Fear and Loathing: on the Campaign Trail ‘72, Hunter S. Thompson

I never got round to reading ‘Fear and Loathing in Las Vegas’ because for some reason it never really appealed to me, although like most things in my life if I were slightly less judgemental I’d probably enjoy it.

The first thing I noticed was how genuinely interested the author is on the subject matter, and it’s clear that he was well informed on all aspects of modern American politics. His passion for his chosen subject of the moment seemed to run as deep as that for American football, or taking every conceivable drug known to man.

‘Fear and Loathing: on the Campaign Trail ’72’ is about the ups and downs of following a political campaign culminating in the 1972 U.S. Presidential election. Most of the book concerns the state hopping trail and political manoeuvring of the Democratic nominations that are finalised before challenging the presidency. Once George McGovern is chosen as the Democratic candidate it’s all over pretty quickly, then comes the fascinating dissection of how it all went badly wrong.

The politics is as intriguing as it can be complicated, and at times the wrangling, strategy and plain back stabbing is simply baffling. However, the window this book provides into the sinister world of big business, greed and politics is as shocking as anything by Micheal Moore. You get the feeling that you’ve been there many times, and like before its ordinary people like us who are left absolutely powerless at the hands of madness. It’s strange that the farcical nature of American politics that Thompson described so well 33 years ago has only in recent years become so well accepted. His cutting descriptions of political figures carry with them an entirely believable weight, it’s not simply about him being nasty, just an honest portrayal of how he saw those people.

I liked the way he was genuinely angered at the government and the general direction of a country that he obviously had a deep attachment to. This anger manifests itself throughout in different ways. For example, “It is Nixon himself who represents that dark, venal and incurably violent side of the American character that almost every other country in the world has learnt to despise”. The book is littered with other such quotes that reassure readers that they are not alone in their resentment and bitterness at what was, and still is, a hideously corrupt process.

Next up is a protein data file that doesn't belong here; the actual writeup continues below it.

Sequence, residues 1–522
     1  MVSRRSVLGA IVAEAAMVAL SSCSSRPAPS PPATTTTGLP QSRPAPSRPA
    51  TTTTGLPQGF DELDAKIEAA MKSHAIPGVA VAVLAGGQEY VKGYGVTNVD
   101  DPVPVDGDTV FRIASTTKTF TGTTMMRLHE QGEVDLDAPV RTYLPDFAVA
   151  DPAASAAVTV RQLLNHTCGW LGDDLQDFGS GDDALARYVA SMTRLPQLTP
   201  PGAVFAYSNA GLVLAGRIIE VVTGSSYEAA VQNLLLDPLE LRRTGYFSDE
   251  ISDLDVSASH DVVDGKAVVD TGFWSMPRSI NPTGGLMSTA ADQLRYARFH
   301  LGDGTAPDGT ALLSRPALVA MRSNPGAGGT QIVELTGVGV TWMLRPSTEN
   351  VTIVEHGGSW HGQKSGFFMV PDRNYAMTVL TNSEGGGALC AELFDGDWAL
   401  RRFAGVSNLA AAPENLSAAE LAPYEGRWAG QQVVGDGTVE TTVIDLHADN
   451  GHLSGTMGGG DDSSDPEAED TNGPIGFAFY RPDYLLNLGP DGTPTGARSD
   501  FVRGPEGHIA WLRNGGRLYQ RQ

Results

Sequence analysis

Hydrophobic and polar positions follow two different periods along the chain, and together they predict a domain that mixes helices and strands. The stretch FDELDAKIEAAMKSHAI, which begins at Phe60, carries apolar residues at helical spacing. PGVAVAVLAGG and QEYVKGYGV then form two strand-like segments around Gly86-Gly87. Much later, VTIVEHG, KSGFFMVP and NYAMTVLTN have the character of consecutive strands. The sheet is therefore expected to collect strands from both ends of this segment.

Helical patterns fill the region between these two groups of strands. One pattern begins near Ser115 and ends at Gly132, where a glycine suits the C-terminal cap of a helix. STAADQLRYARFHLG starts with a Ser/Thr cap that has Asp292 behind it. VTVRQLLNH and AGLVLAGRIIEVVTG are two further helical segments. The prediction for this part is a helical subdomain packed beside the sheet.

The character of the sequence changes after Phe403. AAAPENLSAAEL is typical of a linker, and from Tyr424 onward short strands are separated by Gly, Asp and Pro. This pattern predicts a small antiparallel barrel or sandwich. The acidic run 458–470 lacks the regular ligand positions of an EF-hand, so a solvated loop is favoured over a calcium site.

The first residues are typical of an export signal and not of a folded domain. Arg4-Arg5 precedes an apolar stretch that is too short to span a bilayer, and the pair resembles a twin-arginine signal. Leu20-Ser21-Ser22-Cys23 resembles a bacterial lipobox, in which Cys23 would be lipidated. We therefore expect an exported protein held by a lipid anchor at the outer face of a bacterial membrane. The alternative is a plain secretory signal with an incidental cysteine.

This is an eye opener for me, I’d always thought that laying anger bare in such a manner was what writers did when they couldn’t articulate themselves, or inject humour. Now I realise that anger and articulation can coexist and also have the potential to be unstoppably funny. I find this approach far more readable, and funny, than the recent trend of apathy and wit that seems to blight broadsheet newspapers in this country. In that respect his writing has many of Orwell’s simple idealistic qualities that do away with reasoning and annoying economic considerations.

He also uses the book to put forward his own anti war ideals, this at a time when the war in Vietnam had reached the point where death and destruction on such a huge scale was spiralling out of control. You can almost taste his contempt for the Nixon administration, unsurprisingly it resonates deeply with the current tide of feeling towards those other two nasty little spivs, Bush and Blair. Interestingly a character called Ron Kovic appears at a veterans anti war demo outside the Republican conference in Miami. It is his treatment, after returning home paralysed from Vietnam, that is the story in Oliver Stones best film to date, ‘Born on the Fourth of July’ (1989).

The political process is underpinned by a captivating narrative about the everyday proceedings of life on the campaign trail. From German run hotel chains in Milwaukee to nearly drowning on a Californian beach, it’s all explained with a gritty and often compelling intensity. I especially liked his descriptions of the unrelenting air travel and sleep deprivation that slowly turned the press community mad. You get the feeling that although Thompson hated it, he somehow thrived in press suites and aboard the press planes where gambling, drugs and an accepted disillusionment where the way of life.

So, Hunter S. Thompson. He’s dead now, but after reading this book I get the feeling that I would have quite liked the bloke. There are qualities that go beyond the obvious NME style hype about Gonzo journalism, drug taking and mad behaviour. Here was a person who had a genuine interest in the world around him, an innate understanding of the human character and a razor sharp sense of humour.

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